Recently the Navy announced that it is finally ready to deploy lasers at sea aboard the USS Ponce, which is to be stationed near the Persian Gulf. The system uses a solid-state fiber laser that took six years and $40 million to build. While the Navy hasn't released the exact power output of the laser, it is anticipated to be approximately 30 kW in power.
While this laser is certainly not the first use of directed-energy weapons by the military, it does represent a more practical laser system that has a good chance of success. Previous laser uses by the military have included the Zeus-Hlons 10 kW laser used on a Hum-Vee in the early 1990s to destroy landmines, and several airborne lasers, including the Boeing YAL-1, which date back to the 1980s. These flying laser systems were almost always scrapped for the same reasons; they promised things that they couldn't deliver, while costing way too much money. While it always seemed reasonable that any country that can safely land a man on the moon should be able to shoot enemy missiles out of the sky with a laser beam, the reality has been quite a bit different than that.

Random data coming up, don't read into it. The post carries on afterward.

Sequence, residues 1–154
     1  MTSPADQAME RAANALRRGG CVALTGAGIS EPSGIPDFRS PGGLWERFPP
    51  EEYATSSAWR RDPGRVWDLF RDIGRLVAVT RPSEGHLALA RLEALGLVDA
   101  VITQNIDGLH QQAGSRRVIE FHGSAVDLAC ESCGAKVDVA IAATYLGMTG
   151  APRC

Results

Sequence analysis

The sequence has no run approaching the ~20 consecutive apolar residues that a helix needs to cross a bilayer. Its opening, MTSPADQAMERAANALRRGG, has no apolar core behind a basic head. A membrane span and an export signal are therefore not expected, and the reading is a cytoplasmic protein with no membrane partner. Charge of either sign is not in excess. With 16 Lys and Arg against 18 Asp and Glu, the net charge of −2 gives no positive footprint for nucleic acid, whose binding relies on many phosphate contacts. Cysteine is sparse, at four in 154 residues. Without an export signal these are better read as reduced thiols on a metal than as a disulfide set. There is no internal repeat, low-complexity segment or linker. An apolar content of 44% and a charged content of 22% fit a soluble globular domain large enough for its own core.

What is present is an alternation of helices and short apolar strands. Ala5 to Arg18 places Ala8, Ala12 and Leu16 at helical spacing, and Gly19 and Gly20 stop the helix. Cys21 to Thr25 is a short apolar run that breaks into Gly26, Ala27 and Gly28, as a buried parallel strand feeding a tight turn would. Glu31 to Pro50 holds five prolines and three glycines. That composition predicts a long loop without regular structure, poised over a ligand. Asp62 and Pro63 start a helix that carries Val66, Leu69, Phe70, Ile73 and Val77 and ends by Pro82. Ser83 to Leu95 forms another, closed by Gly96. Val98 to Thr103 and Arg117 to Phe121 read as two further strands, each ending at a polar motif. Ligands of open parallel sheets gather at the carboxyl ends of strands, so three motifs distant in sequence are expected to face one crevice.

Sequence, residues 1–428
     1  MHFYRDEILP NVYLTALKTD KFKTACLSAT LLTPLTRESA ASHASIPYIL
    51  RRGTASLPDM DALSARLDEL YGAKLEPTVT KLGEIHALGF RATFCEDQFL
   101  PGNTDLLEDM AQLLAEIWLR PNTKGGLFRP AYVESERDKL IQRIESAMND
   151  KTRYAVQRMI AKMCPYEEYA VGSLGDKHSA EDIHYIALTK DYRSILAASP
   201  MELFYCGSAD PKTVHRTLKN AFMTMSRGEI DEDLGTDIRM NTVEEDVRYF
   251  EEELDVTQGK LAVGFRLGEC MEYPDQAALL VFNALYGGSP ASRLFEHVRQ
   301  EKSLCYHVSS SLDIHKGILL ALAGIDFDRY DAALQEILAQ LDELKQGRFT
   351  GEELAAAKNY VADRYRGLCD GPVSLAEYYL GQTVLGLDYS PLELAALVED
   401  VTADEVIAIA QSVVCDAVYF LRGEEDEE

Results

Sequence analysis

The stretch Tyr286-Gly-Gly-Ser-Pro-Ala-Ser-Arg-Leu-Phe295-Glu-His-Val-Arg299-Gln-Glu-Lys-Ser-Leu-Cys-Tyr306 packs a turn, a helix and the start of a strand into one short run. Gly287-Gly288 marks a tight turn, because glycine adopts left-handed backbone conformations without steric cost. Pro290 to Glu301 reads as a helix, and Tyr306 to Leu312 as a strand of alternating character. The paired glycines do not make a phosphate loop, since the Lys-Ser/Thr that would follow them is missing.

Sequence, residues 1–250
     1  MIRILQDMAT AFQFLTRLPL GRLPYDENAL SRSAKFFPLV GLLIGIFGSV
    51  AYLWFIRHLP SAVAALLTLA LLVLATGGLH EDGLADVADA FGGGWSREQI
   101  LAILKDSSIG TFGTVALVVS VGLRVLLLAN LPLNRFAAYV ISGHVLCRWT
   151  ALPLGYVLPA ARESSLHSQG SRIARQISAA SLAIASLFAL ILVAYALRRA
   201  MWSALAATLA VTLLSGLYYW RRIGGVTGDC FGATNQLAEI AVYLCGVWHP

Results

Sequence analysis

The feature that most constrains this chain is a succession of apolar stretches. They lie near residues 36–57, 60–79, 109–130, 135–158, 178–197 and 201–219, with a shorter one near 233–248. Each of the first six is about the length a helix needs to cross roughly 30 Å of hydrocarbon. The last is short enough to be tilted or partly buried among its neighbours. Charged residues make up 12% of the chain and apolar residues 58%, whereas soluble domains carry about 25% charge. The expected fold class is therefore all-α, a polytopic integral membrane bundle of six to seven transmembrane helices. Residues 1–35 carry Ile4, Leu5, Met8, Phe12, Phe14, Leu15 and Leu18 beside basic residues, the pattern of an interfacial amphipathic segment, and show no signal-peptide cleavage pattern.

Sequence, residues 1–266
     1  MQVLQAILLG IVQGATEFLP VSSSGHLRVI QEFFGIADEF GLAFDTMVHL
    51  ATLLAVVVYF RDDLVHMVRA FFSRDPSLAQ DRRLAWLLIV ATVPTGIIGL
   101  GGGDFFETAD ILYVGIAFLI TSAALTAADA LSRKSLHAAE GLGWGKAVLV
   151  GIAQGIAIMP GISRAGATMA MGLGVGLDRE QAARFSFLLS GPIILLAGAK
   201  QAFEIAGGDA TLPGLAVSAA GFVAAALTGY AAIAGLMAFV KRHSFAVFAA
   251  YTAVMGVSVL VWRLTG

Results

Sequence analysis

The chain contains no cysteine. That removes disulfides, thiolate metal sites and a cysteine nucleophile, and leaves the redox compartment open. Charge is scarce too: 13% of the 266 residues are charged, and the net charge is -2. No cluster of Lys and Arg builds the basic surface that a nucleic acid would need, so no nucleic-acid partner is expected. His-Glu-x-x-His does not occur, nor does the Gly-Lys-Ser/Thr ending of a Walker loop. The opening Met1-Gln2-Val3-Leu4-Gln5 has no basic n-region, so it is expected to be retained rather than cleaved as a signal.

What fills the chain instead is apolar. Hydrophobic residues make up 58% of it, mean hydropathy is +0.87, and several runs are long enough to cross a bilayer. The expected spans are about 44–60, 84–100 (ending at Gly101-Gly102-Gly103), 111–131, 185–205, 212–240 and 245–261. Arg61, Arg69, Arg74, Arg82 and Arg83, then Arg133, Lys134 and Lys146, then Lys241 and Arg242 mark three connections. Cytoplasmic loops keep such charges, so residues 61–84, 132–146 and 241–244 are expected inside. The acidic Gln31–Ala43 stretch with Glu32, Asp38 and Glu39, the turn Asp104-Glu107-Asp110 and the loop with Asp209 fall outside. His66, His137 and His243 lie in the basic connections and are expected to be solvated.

In this day of limited military budgets, it is refreshing to see the Navy deploy a system like the Laser Weapon System (LaWS). The transport ship which this laser is mounted on is designed to land helicopters and transport troops, vehicles, and supplies into a war zone from sea. It certainly is very logical to assume a ship such as this would be under enemy fire when it was performing its duties. The laser will be used to shoot at threatening areal drones, small boats and other air or sea-borne targets, generally within a short range, which the laser should perform well at.
The laser has many advantages in this application; it’s cheaper to operate because it only consumes electricity and doesn't require explosives which can be dangerous to the crew, are expensive, and must be constantly restocked. The Navy says each laser "shot" should cost under a dollar. In addition, the transport ship is a perfect laser platform. It is stable, has plenty of electricity available, and lots of water is nearby for cooling purposes.
While the military has hoped for laser-powered directed-energy weapons since the 1960s and while there have been many test-firings of lasers on land, on land vehicles, and on planes, this may be the first functioning military laser at sea. What also sets this military laser system apart from those of the past may be even more significant: This might be the very first military laser system that meets its expectations.